MM: I know Elvis Costello was asked to play Conan and suggested you instead and you played Conan. What goodies to they put in the dressing rooms on Conan?

RL: Oh, good question. They give you adorable little sandwiches and little tiny cupcakes. And, obviously, Megan and I have quite an affinity – quite a love relationship – with cupcakes. That was pretty exciting. But, honestly, the biggest perks for two gear heads would be the fact that Jimmy Vivino is the musical director of Conan. He’s the leader of the Basic Cable Band. Jimmy’s got a little office that is just cram jammed with the most delicious amplifiers and guitars you could possibly imagine and if people go and watch our performance on Conan they’ll see that I was plugged through two matched, Brownface deluxe amplifiers with external reverb and that was on loan from Jimmy. That, to us, was the total icing on top of the cake.

MM: You contributed to Steven Tyler’s We’re All Somebody from Somewhere album. What was Steven Tyler like?

RL: [Laughs] He was as eccentric as you could possibly hope. Yeah. He’s got a lot of energy. It’s hard to sum him up. He’s a magical human being. That is for sure. I think my favorite part about the sessions was that it felt very surreal, like out of a dream. The fact that he was sort of dressed in these flowing cloaks of fabric and somewhere within all the folds of the fabric he had these pockets and he had – I think it would’ve been trail mix, or some cracker mix – and he would continually give us treats from his pockets, which I thought, you know, I wanted to be offended but at the same time it was Steven Tyler and you’re Steven Tyler and you’re giving me food out of your pocket. There was something kind of weirdly cool about that. But at the same time I didn’t really want to eat it because of germs and I’m an adult and all that stuff. It was a very conundrum situation.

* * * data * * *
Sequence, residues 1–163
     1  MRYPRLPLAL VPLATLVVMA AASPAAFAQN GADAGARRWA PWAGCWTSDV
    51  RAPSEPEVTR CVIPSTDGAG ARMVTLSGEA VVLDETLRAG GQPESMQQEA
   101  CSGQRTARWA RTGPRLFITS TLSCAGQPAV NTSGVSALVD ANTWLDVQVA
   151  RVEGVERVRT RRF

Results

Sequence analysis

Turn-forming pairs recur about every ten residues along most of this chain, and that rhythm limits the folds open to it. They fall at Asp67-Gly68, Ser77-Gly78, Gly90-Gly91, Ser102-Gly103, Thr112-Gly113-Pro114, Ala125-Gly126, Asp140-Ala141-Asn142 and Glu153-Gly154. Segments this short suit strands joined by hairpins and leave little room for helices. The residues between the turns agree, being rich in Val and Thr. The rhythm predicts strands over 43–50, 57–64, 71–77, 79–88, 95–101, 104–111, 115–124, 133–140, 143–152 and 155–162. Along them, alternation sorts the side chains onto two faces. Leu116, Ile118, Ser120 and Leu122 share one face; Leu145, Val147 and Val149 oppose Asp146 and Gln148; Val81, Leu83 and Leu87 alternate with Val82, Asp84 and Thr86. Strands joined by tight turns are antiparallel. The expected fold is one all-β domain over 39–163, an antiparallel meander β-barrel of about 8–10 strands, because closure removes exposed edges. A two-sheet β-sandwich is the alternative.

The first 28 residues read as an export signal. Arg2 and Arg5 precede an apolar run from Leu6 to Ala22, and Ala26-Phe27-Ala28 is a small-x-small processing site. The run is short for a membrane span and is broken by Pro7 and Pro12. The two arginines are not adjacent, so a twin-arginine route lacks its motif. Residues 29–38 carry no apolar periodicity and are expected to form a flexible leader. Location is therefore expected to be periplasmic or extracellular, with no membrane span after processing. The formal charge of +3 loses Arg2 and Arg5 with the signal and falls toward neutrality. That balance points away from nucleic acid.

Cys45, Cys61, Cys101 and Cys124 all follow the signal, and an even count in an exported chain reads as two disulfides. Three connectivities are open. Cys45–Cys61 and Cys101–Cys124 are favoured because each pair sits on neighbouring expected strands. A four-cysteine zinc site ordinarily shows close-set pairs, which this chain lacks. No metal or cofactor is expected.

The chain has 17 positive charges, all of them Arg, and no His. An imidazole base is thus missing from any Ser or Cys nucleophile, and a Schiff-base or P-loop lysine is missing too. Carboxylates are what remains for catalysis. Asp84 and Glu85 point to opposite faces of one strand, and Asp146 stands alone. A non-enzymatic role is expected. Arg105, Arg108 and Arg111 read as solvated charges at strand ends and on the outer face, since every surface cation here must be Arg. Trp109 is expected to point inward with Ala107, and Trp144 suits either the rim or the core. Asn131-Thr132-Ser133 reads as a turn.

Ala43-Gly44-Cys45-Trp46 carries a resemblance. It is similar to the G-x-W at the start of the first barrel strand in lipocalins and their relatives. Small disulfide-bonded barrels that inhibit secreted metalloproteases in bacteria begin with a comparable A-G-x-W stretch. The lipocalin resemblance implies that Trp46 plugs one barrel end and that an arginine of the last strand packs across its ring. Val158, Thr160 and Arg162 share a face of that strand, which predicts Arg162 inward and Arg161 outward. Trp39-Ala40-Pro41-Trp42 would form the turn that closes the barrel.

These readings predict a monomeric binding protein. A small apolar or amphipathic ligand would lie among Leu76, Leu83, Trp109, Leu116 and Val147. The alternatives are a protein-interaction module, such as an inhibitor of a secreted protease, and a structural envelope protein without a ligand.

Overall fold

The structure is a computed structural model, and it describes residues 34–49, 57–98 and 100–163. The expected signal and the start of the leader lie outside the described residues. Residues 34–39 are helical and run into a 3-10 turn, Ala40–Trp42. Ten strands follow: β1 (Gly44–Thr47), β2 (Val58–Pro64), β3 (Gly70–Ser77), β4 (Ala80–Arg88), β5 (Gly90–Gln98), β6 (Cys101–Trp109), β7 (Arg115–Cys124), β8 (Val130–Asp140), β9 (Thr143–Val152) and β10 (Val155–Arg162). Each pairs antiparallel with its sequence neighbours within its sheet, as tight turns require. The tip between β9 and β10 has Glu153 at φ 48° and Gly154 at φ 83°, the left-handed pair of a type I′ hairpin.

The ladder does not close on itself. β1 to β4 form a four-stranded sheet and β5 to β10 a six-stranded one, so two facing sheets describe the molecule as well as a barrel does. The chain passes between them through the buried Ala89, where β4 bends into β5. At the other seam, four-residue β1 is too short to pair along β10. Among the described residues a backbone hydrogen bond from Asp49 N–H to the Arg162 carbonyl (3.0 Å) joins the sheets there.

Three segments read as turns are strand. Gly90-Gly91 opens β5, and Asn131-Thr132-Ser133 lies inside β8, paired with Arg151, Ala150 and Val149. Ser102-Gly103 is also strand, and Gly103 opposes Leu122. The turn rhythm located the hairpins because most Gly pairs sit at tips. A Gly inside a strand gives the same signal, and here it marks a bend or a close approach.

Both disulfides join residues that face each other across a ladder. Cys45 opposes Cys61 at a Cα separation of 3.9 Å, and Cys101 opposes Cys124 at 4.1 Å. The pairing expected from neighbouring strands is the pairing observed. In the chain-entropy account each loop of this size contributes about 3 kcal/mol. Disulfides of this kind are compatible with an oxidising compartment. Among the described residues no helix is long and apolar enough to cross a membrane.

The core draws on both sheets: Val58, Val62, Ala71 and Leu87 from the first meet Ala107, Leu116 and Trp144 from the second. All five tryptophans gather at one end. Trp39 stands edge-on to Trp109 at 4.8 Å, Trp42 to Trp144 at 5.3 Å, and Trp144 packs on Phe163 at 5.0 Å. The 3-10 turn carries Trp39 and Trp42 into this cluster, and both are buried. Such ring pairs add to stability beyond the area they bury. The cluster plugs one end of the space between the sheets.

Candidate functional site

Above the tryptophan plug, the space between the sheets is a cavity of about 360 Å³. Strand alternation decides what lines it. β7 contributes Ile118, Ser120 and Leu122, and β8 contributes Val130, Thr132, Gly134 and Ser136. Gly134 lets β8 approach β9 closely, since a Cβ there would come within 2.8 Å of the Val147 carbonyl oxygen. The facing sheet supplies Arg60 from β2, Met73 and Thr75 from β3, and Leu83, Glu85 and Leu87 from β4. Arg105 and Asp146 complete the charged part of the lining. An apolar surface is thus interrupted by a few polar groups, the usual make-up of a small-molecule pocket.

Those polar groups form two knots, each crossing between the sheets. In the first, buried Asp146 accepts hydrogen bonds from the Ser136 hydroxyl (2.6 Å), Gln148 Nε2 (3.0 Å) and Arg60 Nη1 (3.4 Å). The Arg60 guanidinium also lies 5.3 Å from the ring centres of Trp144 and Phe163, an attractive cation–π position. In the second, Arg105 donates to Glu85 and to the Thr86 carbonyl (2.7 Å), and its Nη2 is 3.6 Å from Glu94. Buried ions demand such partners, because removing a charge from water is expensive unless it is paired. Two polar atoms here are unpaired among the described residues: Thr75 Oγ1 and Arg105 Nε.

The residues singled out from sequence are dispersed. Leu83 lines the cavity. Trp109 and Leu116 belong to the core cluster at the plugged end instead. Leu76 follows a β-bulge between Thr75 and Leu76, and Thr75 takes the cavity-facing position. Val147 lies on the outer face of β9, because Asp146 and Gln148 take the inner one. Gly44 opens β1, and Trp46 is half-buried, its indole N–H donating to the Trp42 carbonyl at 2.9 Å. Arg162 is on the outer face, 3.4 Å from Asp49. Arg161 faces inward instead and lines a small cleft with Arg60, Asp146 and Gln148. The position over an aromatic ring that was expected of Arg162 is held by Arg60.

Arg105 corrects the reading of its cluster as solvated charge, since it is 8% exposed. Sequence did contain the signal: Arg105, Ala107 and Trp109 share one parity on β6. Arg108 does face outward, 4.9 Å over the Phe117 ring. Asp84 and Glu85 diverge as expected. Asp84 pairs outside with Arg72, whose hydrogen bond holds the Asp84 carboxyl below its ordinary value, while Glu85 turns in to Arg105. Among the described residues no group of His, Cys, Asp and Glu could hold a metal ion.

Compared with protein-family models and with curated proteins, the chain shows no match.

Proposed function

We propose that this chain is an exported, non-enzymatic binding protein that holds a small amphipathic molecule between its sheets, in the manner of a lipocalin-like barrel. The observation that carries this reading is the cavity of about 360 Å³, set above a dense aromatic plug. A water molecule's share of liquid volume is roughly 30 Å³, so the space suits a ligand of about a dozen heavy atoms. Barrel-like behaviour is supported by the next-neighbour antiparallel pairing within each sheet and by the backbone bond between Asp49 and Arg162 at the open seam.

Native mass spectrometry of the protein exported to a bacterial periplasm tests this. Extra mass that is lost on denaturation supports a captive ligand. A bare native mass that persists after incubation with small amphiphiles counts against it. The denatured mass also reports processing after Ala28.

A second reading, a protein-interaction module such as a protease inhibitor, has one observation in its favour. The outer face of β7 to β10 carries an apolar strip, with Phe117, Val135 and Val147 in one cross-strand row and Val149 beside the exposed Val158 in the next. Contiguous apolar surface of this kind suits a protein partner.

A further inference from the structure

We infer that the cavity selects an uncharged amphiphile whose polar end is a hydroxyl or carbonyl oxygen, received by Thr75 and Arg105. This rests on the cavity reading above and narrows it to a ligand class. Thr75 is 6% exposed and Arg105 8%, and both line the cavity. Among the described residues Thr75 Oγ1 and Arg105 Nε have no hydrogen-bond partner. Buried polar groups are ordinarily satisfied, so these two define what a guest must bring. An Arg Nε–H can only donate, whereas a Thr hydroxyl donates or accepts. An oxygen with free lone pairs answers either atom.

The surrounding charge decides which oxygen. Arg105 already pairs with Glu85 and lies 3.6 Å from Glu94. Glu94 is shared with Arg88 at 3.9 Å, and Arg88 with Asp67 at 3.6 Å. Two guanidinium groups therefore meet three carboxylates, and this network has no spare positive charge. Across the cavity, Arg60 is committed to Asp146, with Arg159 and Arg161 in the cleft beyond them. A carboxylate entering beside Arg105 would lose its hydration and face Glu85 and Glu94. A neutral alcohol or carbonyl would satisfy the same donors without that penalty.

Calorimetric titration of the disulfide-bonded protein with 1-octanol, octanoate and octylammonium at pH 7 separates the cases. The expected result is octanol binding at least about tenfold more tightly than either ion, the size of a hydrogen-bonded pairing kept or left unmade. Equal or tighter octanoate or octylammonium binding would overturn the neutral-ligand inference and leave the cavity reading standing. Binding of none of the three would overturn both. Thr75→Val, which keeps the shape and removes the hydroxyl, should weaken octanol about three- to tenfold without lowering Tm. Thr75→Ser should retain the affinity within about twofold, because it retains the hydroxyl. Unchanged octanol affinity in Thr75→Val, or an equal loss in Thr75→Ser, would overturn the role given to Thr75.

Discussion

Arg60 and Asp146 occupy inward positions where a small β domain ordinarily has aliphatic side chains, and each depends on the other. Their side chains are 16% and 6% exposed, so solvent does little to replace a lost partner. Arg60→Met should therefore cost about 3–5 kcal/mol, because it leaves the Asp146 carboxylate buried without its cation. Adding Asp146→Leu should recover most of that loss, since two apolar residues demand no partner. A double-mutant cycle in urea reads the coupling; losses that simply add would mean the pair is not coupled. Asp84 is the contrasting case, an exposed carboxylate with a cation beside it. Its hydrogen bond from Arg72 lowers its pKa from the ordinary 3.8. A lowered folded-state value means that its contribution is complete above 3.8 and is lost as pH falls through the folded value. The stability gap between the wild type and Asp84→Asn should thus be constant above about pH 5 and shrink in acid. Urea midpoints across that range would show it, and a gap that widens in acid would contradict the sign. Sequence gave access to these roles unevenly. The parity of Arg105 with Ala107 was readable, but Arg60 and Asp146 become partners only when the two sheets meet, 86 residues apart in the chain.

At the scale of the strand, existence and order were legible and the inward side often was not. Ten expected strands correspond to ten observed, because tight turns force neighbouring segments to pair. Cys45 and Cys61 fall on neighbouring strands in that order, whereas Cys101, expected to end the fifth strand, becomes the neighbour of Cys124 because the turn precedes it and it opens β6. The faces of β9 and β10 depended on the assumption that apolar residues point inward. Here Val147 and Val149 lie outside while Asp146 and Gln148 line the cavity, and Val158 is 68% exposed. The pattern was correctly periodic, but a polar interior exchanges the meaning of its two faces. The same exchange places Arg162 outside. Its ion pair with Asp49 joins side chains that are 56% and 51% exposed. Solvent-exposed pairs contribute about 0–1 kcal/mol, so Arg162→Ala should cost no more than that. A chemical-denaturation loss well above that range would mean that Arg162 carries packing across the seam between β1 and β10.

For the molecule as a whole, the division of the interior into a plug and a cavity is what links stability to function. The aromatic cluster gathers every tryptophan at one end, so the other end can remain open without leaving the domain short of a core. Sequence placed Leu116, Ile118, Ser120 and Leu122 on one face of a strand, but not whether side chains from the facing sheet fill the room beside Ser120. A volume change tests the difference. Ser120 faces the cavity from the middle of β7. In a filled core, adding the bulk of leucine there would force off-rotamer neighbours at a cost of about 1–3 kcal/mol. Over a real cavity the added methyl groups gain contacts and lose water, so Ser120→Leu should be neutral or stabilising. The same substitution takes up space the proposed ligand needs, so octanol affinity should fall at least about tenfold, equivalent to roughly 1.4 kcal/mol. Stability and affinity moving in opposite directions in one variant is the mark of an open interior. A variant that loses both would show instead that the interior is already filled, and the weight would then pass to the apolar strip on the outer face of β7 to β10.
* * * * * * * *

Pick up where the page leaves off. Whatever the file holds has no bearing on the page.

ML: I was very hungry so I ate it. [Laughs]

MM: Did you both eat it?

RL: You know, I don’t have a strong recollection. I probably did. It was Peanut M&Ms.

ML: It was chocolate. There was a hard sugar coating.

MM: Did Steven Tyler give you the impression that he wants to be a country artist from now on or did he mention Aerosmith at all?

RL: Oh, yeah, they’ve since been out and played shows. I think that Steven Tyler is up for whatever. He strikes me as someone who’s so very creatively engaged and just running around and having fun.

MM: I have to ask, after seeing it on your website – are you really descendants of Edgar Allan Poe?

RL: We are. He is definitely up in our family tree. And it’s very distant. And I think pretty much with enough finagling you can say you’re related to anybody in the world if you go back far enough. But, for us, it really is a thing. You know, our great, great, great grandfather – his last name was Poe and the family split off from Virginia way back up in the family tree. There is a tenuous but real connection.

ML: Larkin Poe, who the band is named after, is a cousin of Edgar Allan.

MM: Is there a story you can tell us about Larkin Poe?

RL: There are many stories we could tell about Larkin Poe. He was apparently a very vengeful man. I think it would’ve been our great, great, great grandmother who fell in love with a Lovell, which is where we get our last name, and she wound up eloping with this guy, with this scallywag, Oscar Lovell. And, roundabout, Larkin disowned her and never spoke to her again, which to me feels very, very Southern. There’s all the Southern hospitality in the world, but there’s also this edge, I think, that exists within Southerners that you dare not go against. And I always thought that was a very romantic story. It’s tragic, but, to me, that’s part of, I suppose, what gives stories their humanity. The fact that none of us are angels. None of us are complete bad guys. We make mistakes and disown daughters who are following their hearts. So, I think that, for me, that was a story that really humanized Larkin to a degree. And I’m actually not sure if they ever reconciled. But I would like to think that they did.

Buy Peach on Amazon.

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  1. Emm G Avatar
    Emm G

    I love the Lovell sisters and highly enjoyed this interview. Surprised nobody else has commented on it.